If the plant is not replaced during the year of loss, and the portion of the insurance monies excluded from the assessable income exceeds the depreciated value of any other assets of the taxpayer, which are subject to depreciation allowances, the excess, or the whole amount, as the case may be, will be included as assessable income. If, however, the plant is replaced prior to, or within two years after the termination of the war, the taxpayer may, if he so desires, have the assessment amended by the exclusion of the amount so included in his assessable income, and the cost price of the new plant reduced by a corresponding sum.
It is also provided that where, in accordance with these provisions, any amount is deducted from the depreciated value of an asset, future depreciation allowances will be calculated by reference to its depreciated value as so reduced.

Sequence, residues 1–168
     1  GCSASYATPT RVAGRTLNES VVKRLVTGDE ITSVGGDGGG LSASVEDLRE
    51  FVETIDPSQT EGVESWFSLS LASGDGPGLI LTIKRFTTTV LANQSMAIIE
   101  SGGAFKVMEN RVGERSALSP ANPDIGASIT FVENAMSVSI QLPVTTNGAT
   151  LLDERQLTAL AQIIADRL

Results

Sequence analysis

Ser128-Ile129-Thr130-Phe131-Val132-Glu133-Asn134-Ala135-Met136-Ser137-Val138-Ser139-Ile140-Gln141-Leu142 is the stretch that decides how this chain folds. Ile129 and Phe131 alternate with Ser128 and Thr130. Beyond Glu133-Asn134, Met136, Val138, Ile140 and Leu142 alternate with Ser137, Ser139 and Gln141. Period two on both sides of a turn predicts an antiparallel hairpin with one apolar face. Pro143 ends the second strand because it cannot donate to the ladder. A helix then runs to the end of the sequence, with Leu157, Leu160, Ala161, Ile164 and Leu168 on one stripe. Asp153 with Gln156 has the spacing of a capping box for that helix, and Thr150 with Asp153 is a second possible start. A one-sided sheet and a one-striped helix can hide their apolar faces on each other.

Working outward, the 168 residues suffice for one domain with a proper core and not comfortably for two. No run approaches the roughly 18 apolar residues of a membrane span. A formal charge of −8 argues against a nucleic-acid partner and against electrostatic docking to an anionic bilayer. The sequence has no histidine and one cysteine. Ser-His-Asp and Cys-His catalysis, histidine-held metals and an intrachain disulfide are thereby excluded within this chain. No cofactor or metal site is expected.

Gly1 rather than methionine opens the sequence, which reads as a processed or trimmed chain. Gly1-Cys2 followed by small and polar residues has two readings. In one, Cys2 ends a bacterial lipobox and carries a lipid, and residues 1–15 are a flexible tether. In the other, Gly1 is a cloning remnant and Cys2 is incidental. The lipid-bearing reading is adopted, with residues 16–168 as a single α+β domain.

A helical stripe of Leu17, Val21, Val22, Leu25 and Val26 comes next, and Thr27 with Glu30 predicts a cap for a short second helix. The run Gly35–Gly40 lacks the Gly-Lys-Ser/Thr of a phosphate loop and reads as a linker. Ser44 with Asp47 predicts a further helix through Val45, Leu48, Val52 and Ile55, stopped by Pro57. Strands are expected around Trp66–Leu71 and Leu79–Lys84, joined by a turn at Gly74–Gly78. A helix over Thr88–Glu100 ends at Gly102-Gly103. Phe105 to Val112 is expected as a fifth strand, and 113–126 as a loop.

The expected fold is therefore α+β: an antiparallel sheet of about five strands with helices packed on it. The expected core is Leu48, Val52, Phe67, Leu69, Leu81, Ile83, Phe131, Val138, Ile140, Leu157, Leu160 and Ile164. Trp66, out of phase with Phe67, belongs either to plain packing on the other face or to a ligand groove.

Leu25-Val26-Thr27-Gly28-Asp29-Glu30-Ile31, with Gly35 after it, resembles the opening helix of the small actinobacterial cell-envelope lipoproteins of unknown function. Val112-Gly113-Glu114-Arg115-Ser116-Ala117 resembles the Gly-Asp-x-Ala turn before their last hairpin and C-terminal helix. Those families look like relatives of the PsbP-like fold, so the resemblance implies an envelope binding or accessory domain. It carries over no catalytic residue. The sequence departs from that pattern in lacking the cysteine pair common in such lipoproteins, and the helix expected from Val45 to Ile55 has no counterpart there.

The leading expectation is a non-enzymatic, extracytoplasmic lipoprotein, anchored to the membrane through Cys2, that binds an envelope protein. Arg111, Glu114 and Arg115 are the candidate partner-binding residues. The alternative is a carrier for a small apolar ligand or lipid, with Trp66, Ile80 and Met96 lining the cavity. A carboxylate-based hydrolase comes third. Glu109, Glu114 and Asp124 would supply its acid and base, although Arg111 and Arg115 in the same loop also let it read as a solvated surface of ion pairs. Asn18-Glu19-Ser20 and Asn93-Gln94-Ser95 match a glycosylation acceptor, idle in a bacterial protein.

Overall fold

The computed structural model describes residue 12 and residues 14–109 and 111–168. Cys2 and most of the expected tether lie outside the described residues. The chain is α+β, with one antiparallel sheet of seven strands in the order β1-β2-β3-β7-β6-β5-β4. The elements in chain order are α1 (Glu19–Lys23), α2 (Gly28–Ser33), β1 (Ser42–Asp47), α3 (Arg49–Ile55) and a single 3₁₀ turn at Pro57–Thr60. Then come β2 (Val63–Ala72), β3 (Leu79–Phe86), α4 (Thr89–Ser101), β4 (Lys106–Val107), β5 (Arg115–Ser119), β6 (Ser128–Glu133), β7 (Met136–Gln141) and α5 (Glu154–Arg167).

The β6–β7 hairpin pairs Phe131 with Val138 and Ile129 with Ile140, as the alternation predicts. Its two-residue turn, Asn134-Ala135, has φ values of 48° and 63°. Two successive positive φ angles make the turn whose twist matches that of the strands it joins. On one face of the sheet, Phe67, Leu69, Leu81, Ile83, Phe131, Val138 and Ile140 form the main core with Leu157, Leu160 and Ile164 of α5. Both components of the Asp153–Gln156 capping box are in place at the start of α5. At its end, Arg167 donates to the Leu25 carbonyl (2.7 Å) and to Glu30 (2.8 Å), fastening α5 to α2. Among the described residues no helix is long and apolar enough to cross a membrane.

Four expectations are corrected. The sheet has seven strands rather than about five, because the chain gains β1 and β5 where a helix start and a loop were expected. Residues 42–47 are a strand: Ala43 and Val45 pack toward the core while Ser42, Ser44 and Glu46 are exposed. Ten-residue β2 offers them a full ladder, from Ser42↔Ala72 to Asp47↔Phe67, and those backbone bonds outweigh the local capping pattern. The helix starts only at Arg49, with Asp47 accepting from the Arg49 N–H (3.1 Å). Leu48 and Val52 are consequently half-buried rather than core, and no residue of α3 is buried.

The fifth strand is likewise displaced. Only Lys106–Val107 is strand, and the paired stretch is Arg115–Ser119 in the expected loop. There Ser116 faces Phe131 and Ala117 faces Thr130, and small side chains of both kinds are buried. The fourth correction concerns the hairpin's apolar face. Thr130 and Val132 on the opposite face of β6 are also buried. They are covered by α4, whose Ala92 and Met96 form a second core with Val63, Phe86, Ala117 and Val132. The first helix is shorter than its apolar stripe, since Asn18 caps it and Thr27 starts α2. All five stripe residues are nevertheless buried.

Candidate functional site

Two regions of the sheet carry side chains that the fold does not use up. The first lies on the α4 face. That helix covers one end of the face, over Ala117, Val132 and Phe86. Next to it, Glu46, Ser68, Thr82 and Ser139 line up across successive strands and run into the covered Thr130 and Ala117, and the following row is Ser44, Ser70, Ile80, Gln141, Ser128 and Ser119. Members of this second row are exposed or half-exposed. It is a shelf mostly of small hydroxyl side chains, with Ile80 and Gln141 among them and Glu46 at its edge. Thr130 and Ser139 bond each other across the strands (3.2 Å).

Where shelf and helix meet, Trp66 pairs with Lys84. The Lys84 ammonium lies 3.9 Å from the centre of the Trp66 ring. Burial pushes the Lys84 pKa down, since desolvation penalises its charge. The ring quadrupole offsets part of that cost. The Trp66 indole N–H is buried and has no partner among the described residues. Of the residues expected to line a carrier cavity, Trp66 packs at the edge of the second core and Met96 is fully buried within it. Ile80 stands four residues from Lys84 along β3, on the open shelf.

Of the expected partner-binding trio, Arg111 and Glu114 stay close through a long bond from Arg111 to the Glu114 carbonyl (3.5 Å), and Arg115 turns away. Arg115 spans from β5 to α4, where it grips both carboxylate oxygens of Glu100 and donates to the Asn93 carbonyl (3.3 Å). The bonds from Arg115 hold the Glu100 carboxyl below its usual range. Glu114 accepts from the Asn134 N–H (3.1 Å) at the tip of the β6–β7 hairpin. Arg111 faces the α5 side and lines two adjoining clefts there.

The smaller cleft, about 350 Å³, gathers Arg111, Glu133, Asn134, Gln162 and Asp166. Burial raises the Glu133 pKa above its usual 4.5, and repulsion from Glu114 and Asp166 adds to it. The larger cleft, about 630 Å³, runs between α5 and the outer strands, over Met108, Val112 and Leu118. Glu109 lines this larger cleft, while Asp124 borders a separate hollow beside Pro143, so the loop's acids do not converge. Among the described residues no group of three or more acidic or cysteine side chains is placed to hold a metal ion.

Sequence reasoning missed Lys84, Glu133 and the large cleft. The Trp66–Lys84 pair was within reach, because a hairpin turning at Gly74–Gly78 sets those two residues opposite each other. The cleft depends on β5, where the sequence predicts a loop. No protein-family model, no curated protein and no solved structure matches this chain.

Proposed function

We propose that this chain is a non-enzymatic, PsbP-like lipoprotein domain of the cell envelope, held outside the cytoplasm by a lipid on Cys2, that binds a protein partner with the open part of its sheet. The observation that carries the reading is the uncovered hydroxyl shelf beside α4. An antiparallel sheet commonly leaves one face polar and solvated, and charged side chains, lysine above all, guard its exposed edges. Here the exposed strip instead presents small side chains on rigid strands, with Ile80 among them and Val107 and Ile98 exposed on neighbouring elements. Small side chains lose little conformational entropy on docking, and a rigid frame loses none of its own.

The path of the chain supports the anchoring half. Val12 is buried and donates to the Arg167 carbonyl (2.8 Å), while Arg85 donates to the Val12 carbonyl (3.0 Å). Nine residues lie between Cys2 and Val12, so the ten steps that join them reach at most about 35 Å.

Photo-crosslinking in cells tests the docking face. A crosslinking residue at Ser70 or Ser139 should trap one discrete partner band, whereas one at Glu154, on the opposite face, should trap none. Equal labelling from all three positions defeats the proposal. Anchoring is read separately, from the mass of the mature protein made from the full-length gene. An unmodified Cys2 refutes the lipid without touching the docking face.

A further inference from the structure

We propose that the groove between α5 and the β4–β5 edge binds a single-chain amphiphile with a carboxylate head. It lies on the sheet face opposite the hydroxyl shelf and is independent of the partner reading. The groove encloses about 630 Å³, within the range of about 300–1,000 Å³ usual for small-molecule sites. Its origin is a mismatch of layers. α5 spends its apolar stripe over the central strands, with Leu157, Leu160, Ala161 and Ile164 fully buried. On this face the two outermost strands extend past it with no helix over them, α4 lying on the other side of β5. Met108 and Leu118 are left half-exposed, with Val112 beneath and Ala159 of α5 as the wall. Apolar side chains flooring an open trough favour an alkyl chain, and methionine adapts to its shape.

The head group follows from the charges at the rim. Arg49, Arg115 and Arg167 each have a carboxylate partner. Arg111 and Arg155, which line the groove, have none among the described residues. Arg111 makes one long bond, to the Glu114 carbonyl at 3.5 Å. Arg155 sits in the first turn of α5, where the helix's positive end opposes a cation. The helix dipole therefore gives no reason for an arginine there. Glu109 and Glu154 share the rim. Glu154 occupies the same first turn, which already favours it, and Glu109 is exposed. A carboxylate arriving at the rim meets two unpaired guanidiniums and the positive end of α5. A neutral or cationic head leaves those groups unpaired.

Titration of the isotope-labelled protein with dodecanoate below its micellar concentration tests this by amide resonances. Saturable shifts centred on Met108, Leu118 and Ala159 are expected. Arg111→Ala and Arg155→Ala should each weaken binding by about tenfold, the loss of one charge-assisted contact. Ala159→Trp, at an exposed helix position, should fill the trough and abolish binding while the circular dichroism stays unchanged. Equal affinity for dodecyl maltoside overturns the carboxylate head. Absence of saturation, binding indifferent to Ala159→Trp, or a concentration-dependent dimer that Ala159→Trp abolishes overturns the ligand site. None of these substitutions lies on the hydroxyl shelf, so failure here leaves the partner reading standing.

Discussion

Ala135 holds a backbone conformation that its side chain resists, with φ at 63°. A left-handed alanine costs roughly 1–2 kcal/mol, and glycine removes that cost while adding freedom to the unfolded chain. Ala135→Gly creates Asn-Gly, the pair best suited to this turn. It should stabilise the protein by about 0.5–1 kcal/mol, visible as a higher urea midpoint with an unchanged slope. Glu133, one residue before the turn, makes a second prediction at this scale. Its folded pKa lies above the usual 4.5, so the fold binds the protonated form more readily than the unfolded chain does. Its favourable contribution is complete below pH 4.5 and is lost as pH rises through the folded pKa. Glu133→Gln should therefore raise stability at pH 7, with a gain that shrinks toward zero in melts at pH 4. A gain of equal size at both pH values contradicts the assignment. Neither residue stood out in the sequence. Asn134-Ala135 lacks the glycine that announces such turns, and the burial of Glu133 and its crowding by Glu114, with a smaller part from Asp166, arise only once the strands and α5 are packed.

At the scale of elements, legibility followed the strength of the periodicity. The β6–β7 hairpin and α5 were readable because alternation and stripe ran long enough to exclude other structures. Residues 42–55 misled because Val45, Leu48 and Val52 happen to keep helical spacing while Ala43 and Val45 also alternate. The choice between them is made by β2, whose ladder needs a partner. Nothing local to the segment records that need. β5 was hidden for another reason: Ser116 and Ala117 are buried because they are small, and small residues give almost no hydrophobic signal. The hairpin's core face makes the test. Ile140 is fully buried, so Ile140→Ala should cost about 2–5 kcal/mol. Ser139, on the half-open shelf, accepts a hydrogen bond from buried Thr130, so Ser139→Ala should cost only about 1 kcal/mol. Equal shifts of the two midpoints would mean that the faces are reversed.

The insertion of the words "or value" in sub-section (3.) is designed to ensure that the value of any consideration received or receivable otherwise than in cash shall be brought to account for the purpose of ascertaining the amount of the deduction (if any) allowable, or the amount to be included in assessable income, as the case may be.
The provision will cover such cases as the replacement of plant by insurance companies instead of the payment of the insurance moneys to the taxpayer.
The amending provisions will commence to apply in assessments for the financial year 1942-1943, i.e., on incomes derived during the year ended 30th June, 1942.
This clause proposes that a series of new sections-- sections 59A, 59B, 59C, 59D and 59E--relating to depreciation of plant, machinery and buildings erected or acquired especially for war purposes, be inserted in the Principal Act.